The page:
Mondaq reserves the right, in its sole discretion, to take any action that it deems necessary and appropriate in the event it considers that there is a breach or threatened breach of the Terms.

Mondaq’s Rights and Obligations

Unless otherwise expressly set out to the contrary, nothing in these Terms shall serve to transfer from Mondaq to you, any Intellectual Property Rights owned by and/or licensed to Mondaq and all rights, title and interest in and to such Intellectual Property Rights will remain exclusively with Mondaq and/or its licensors.

Mondaq shall use its reasonable endeavours to make the Website and Services available to you at all times, but we cannot guarantee an uninterrupted and fault free service.

Mondaq reserves the right to make changes to the services and/or the Website or part thereof, from time to time, and we may add, remove, modify and/or vary any elements of features and functionalities of the Website or the services.

Mondaq also reserves the right from time to time to monitor your Use of the Website and/or services.


The Content is general information only. It is not intended to constitute legal advice or seek to be the complete and comprehensive statement of the law, nor is it intended to address your specific requirements or provide advice on which reliance should be placed. Mondaq and/or its Contributors and other suppliers make no representations about the suitability of the information contained in the Content for any purpose. All Content provided "as is" without warranty of any kind. Mondaq and/or its Contributors and other suppliers hereby exclude and disclaim all representations, warranties or guarantees with regard to the Content, including all implied warranties and conditions of merchantability, fitness for a particular purpose, title and non-infringement. To the maximum extent permitted by law, Mondaq expressly excludes all representations, warranties, obligations, and liabilities arising out of or in connection with all Content. In no event shall Mondaq and/or its respective suppliers be liable for any special, indirect or consequential damages or any damages whatsoever resulting from loss of use, data or profits, whether in an action of contract, negligence or other tortious action, arising out of or in connection with the use of the Content or performance of Mondaq’s Services.


Mondaq may alter or amend these Terms by amending them on the Website. By continuing to Use the Services and/or the Website after such amendment, you will be deemed to have accepted any amendment to these Terms.

These Terms shall be governed by and construed in accordance with the laws of England and Wales and you irrevocably submit to the exclusive jurisdiction of the courts of England and Wales to settle any dispute which may arise out of or in connection with these Terms. If you live outside the United Kingdom, English law shall apply only to the extent that English law shall not deprive you of any legal protection accorded in accordance with the law of the place where you are habitually resident ("Local Law"). In the event English law deprives you of any legal protection which is accorded to you under Local Law, then these terms shall be governed by Local Law and any dispute or claim arising out of or in connection with these Terms shall be subject to the non-exclusive jurisdiction of the courts where you are habitually resident.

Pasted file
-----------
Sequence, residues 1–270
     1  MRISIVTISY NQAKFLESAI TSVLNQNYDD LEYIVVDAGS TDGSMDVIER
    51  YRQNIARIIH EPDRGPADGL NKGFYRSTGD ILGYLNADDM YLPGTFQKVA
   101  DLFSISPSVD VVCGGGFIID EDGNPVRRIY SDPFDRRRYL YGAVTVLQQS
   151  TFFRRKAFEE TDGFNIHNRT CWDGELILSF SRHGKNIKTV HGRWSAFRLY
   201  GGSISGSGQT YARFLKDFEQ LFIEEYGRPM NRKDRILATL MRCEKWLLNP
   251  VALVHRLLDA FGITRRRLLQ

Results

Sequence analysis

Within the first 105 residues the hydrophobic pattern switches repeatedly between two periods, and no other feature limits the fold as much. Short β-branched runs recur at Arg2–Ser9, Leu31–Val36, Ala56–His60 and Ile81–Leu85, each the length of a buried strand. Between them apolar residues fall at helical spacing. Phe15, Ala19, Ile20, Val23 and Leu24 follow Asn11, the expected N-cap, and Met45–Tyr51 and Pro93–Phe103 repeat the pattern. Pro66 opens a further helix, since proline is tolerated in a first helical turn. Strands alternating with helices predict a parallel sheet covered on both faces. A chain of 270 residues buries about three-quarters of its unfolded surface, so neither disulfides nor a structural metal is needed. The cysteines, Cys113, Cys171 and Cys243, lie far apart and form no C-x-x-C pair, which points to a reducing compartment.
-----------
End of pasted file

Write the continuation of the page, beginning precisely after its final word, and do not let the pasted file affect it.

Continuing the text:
You may print and keep a copy of these Terms, which form the entire agreement between you and Mondaq and supersede any other communications or advertising in respect of the Service and/or the Website.

No delay in exercising or non-exercise by you and/or Mondaq of any of its rights under or in connection with these Terms shall operate as a waiver or release of each of your or Mondaq’s right. Rather, any such waiver or release must be specifically granted in writing signed by the party granting it.

If any part of these Terms is held unenforceable, that part shall be enforced to the maximum extent permissible so as to give effect to the intent of the parties, and the Terms shall continue in full force and effect.

Mondaq shall not incur any liability to you on account of any loss or damage resulting from any delay or failure to perform all or any part of these Terms if such delay or failure is caused, in whole or in part, by events, occurrences, or causes beyond the control of Mondaq. Such events, occurrences or causes will include, without limitation, acts of God, strikes, lockouts, server and network failure, riots, acts of war, earthquakes, fire and explosions.

By clicking Register you state you have read and agree to our Terms and Conditions